Buying and selling online began in earnest in the ‘90s. In 1995, the year Amazon and eBay both started, the internet existed as 120,000 registered domain names.
Over the next three years it grew to more than two million. Now, more than a billion websites are online.
Ecommerce has also expanded by leaps and bounds. In 2006, ecommerce accounted for approximately 3% of total US retail sales. So far this year, it’s approaching 10% and represents an almost 15% year-over-year increase compared to 2016.
While online shopping has become a bigger slice of the retail pie, the framework of ecommerce has largely remained the same for most of its history. The ways in which retailers served their customers, stayed in touch, and encouraged repeated sales primarily leaned on established promotional channels like email and advertising. Even innovations such as mobile push notifications focused on aggressively “encouraging” a customer to pay attention to your brand vs. offering an elegant and seamless opportunity for the customer to engage with you on their terms.
But in an era in of Facebook Messenger, Instagram, Slack and Uber, the old ways no longer work for users who have become accustomed to being able to communicate with each other and the world at large in real-time, across devices, whenever and wherever they want. As customer behavior evolves, so do their expectations around B2C communications.
Today’s retail shopper interacts with brands that use the platforms she relies on as fluidly as she does. Whether she thinks about it in such terms, she wants truly conversational commerce and despite the difficulties in creating a seamless interaction, it’s up to you to deliver it.
“You can no longer segment yourself to service practices that only you are comfortable with,” says Amir Zonozi, Chief Strategy Officer of Social Influence at Zoomph, an engagement platform.
“When a customer reaches out to you on Twitter, it needs to be solved on Twitter. When they reach out to you via email, it needs to be solved via email. Asking your customers to switch their preferred method of communication is taking your customer out of their comfort zone and should be avoided unless absolutely necessary.”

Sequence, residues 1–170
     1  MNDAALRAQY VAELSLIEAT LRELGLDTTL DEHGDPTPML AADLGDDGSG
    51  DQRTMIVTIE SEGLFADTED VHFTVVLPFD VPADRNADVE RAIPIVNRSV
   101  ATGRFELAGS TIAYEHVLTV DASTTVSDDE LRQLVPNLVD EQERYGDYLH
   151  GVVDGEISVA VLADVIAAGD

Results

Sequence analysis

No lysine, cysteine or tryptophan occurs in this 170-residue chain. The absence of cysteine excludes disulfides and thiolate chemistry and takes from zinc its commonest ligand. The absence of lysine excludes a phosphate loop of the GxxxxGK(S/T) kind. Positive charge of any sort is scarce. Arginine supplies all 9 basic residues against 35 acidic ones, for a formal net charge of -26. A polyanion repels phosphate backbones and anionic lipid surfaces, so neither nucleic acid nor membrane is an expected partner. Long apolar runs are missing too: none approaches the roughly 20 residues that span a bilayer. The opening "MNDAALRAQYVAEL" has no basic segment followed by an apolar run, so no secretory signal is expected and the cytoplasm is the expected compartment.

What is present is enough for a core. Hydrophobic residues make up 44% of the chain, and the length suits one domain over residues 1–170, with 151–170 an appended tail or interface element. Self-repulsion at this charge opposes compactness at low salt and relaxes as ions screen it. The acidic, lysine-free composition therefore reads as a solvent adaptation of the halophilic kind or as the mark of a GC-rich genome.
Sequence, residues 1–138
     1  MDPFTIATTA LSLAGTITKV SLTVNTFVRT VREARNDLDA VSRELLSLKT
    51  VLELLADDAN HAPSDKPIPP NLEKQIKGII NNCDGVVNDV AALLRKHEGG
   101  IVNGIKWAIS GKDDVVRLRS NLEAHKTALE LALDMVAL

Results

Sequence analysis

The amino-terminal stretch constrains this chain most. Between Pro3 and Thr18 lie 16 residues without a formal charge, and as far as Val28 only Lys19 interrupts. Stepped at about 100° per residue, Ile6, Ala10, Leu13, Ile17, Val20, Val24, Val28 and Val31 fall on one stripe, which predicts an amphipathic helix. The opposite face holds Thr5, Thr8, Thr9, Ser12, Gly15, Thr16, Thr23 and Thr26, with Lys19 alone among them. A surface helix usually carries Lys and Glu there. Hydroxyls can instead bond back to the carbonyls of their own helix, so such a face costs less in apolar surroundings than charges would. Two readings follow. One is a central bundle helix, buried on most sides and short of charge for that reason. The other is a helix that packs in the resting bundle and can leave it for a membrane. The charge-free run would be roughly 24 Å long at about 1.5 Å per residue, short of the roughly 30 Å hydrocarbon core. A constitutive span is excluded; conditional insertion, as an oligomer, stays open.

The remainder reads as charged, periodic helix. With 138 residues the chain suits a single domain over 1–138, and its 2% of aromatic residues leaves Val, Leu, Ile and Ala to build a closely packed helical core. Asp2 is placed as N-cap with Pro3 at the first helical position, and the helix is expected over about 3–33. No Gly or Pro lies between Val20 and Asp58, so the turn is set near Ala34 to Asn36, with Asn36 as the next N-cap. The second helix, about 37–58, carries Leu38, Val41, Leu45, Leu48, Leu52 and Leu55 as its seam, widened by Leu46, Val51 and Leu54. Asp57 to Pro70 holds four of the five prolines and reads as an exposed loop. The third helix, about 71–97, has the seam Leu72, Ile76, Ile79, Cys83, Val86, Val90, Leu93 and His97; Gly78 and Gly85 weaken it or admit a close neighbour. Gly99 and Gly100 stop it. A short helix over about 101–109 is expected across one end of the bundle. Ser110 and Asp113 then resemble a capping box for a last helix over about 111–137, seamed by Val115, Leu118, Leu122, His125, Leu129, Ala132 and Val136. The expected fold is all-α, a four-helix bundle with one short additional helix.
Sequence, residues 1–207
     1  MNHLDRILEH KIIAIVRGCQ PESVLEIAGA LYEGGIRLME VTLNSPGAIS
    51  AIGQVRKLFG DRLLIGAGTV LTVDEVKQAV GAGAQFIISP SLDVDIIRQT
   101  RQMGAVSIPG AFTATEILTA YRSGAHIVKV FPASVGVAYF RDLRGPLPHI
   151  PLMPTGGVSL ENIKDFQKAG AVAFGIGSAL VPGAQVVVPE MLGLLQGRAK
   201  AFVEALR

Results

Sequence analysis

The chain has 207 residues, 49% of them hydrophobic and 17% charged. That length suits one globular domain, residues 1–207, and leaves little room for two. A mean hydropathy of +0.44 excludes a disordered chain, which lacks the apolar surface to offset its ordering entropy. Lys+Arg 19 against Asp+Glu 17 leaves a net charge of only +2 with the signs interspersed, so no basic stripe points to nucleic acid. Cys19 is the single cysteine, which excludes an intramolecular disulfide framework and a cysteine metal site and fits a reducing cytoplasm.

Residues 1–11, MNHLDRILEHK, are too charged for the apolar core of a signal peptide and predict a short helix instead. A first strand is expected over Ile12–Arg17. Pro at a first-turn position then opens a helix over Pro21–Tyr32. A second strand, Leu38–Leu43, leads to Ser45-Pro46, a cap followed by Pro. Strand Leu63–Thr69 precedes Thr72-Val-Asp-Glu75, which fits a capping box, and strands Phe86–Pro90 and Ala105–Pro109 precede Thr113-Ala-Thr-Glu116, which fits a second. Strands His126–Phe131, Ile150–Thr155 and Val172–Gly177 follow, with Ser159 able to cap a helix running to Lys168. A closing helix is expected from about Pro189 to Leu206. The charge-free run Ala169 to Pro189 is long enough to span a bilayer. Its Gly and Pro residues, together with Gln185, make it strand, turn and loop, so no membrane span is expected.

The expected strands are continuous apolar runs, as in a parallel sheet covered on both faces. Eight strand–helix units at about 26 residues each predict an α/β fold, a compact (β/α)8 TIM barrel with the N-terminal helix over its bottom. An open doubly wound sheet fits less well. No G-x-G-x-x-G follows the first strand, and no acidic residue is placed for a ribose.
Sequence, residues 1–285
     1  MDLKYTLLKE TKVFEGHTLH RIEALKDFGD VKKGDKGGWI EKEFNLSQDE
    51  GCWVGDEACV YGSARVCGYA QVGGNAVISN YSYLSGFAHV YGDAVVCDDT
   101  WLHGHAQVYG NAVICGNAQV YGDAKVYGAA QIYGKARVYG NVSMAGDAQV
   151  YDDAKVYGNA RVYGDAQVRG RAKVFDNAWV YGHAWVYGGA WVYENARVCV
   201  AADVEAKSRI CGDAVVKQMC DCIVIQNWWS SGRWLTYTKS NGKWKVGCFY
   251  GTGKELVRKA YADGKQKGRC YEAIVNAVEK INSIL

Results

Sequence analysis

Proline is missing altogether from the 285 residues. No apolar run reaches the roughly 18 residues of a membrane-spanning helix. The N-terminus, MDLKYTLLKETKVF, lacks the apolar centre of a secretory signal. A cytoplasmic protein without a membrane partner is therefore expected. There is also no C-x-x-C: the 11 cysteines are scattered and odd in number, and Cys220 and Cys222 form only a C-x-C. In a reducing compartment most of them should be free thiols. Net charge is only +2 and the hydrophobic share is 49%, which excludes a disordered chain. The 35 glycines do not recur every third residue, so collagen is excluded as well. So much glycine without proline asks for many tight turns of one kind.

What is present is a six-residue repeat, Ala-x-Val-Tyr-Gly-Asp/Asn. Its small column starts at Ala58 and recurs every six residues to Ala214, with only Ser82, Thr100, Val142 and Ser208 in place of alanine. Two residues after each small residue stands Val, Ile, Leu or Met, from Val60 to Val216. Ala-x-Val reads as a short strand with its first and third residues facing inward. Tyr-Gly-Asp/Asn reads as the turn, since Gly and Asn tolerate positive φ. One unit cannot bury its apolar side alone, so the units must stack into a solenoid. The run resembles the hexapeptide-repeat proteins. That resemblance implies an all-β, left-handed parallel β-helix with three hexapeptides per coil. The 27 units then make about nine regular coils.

Customer Experience as the New Competitive Battleground
New digital technology has helped to push customer experience to center stage as a key differentiator between leading and lagging brands. A great customer experience builds loyalty, while a poor one increasingly means you’ve lost that shopper’s business forever. While in 2006 68% of customers with a bad experience left a company for good, by 2016, that number had topped 80%. This new breed of customer is not inclined to offer second chances.
To customers today, convenience and saving time is what drives their expectations around customer experience is driven by convenience and time savings, and they’re looking for the absolute best, which means it is personal, on-demand, always available and with instant results. Great customer experience takes investment, but the data shows that those investments pay off.
A Customer Experience Impact (CEI) Report shows that 86% of consumers will even pay more for better customer experience. In an ecommerce landscape where repeat purchasers are the only ones that are cost effective to acquire, offers such as personalized service and 24/7 online chat can make the difference between a brand growing or atrophying.
You can learn more about conversational commerce by exploring Linc’s platform and solutions pages. Or take a look at how leading brands like Lamps Plus, JustFab.com and others are using automated conversational commerce strategies in their businesses today, in our resources page.